Boats zip around, pulling waterskiers and wakeboarders. An occasional sailboat or fleet of rented paddleboats bob about. There are canoes, campers, anglers and surfboards … surfboards? Yes, surfboards. Stand-up paddleboards, to be exact. The ocean-bred sport has caught on in our beloved mountain state.
“Stand up paddling has definitely taken hold in Idaho and all over the world in land-locked locations,” explains Mike Fox, who owns paddleboard maker, Boardworks, in Oceanside, California, and spends time paddling in the Gem State. “At first you scratch your head thinking, how could this be? But the sport lends itself very well to inland environments. It really is a wonderful alternative to canoeing and kayaking, and also offers the ability to wake surf and fish off the boards.”
Jim Smith owns Stand Up and Paddle Idaho, a Boise-based paddleboard dealer and school that, along with Idaho River Sports, offers lessons to people of all ages, sizes and abilities.
Smith explains that, for some, paddleboarding just comes naturally, “Like so many other people who grew up surfing or near the water, the desire to get out in the water has never left me even though I live in Idaho.”
Smith says there are few main attractions to the sport. It offers an intense core workout, similar to Pilates, with quite a bit of cardio as well. But he really just enjoys the ability to peacefully cruise around the water on his own time, no motor and no rush. “The thing about it is that because you are standing you get a different perspective of the water. You are looking down on it with new eyes,” he says.
Legend has it that stand up paddleboarding began in the 1960s when tourists wanted pictures of themselves learning to surf. Beach boys would follow them out to take photos while standing on their longboards, using their outrigger canoe paddles for stability.
Casey Schaefer, from Backwoods Mountain Sports in Ketchum, says that paddleboarding has become one of the fastest growing sports in Idaho and that their rental packages are sold out every summer weekend by folks heading up to Redfish, Alturas and Pettit. She even says that inflatable longboards for use on river trips have been gaining popularity as well.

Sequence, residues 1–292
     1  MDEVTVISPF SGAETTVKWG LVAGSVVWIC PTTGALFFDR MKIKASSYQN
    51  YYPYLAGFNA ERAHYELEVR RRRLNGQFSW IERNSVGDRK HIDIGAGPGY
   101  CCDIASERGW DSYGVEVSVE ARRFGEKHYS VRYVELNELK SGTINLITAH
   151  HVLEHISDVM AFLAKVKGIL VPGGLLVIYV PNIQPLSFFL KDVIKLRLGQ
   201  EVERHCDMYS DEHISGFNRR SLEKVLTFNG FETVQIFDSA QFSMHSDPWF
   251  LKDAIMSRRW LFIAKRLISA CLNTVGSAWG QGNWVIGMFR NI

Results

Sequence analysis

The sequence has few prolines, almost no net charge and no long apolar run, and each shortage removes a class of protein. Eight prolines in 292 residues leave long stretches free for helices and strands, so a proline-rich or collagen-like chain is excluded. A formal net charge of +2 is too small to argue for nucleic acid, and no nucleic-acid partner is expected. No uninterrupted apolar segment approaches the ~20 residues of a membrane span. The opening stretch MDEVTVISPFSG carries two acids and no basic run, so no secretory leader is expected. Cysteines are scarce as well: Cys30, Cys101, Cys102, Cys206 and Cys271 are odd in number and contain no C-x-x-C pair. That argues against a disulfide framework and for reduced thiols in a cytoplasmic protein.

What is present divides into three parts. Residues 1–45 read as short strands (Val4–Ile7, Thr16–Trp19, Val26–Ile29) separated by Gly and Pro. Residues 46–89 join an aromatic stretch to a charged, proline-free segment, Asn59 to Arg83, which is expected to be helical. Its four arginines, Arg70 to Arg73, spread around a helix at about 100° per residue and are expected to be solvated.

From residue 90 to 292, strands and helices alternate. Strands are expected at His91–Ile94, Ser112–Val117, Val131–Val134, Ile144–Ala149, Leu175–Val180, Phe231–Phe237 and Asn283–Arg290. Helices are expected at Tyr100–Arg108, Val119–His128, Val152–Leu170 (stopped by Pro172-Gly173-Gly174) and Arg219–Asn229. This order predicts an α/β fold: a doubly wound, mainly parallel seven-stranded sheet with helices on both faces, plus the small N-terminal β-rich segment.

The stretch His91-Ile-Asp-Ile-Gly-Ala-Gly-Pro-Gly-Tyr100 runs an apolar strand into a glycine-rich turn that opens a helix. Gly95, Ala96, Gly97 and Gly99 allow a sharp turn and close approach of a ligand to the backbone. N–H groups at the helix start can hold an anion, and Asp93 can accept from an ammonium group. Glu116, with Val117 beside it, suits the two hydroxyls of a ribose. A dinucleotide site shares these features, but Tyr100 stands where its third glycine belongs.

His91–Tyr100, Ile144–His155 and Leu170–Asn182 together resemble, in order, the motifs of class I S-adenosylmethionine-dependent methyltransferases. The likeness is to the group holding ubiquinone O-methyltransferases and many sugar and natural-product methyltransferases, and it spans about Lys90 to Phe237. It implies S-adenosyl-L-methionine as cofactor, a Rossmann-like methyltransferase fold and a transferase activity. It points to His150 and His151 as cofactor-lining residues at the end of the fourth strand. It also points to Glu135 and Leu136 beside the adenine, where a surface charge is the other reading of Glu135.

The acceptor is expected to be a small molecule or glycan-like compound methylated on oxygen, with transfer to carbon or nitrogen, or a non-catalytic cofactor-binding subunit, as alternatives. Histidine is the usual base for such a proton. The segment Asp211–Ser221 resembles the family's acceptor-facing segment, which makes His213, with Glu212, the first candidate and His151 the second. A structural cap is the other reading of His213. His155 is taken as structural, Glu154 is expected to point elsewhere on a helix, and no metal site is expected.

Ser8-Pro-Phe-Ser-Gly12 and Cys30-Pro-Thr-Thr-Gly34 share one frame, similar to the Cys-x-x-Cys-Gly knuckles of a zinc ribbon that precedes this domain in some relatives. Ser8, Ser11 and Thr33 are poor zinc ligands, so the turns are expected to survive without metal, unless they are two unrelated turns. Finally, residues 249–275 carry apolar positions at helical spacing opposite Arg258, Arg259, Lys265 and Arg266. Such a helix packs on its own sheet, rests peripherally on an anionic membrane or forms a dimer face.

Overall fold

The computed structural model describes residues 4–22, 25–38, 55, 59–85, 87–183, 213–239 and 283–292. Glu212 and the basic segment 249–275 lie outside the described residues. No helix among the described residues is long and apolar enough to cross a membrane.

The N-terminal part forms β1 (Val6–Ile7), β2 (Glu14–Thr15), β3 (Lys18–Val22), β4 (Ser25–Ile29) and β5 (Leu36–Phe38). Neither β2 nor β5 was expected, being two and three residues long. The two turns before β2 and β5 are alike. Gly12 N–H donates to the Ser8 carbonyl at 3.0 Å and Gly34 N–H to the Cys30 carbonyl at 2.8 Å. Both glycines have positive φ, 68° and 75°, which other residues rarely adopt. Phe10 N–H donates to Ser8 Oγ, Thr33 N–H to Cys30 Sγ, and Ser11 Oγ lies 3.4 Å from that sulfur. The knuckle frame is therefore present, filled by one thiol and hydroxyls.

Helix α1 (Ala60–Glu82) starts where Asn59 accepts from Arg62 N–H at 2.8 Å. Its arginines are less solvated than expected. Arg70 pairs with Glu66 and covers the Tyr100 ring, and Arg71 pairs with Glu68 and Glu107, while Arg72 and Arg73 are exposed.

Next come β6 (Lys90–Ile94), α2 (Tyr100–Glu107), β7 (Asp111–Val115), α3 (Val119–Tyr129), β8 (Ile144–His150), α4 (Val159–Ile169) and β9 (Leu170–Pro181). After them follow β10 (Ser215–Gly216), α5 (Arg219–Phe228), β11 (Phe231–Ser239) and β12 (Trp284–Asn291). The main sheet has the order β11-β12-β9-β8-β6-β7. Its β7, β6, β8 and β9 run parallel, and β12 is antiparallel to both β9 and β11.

-photo by Eric Kiel
IDAHO'S FIRST WHITEWATER PARK
Much to the delight of Gem State kayakers, Kelly’s Whitewater Park (KWP) in Cascade opened last year as Idaho’s first such facility. A collection of five man-made rapids and a stunning Welcome Center on the North Fork of the Payette River at Cascade are the highlights of the park.
A dream come true for boaters, the project was kicked off by a citizen committee in early 2007. Events such as kayak film festivals and “Flatwater Races” helped get the dream rolling.
The park is the result of plenty of effort and determination by local residents and benefactors Mark and Kristina Pickard of Miami Beach and nearby Tamarack Resort. Besides the recreational potential, the park is also seen as a way to buoy Cascade’s economy.
In March 2009, the Pickards contacted the folks putting the park together. The couple was considering a community project and pitched in for a whitewater park named after Kristina’s late sister, Kelly Brennan, a sports enthusiast who passed away in an auto accident at the tender age of 23.
In just five months during the winter of 2009-2010, that included subzero temperatures, construction crews created the features and the Welcome Center, which offers a 180-degree view of the Payette River. A grand opening was held last June and a bronze statue honoring Kelly Brennan was unveiled in August.
Kelly’s Kayak School was assembled to provide free instruction for school-aged kids of Valley County and graduated more than 60 kids last summer. “The Strand,” an all-weather greenbelt, now runs for more than two miles along the Payette and a steel bridge between the shoreline and a rock island that forms the rapids was also installed.
Kelly’s, as it’s simple called by some, has been selected to host this year’s USA Freestyle Kayaking Point Series Championships on July 9-10. It will draw the nation’s best freestyle athletes to perform acrobatics in their tiny boats before thousands of fans. Park supporters see the championships as an opportunity to showcase KWP as one of the top play parks in the nation. Kelly’s will be an active place all summer long with art showings and music each week.
-photo by Kurtis Perkins
ON THE WATER
Idaho is a whitewater Mecca, with rivers that range from gentle floats along flat water with amazing fishing to some of the rowdiest rapids in the entire world.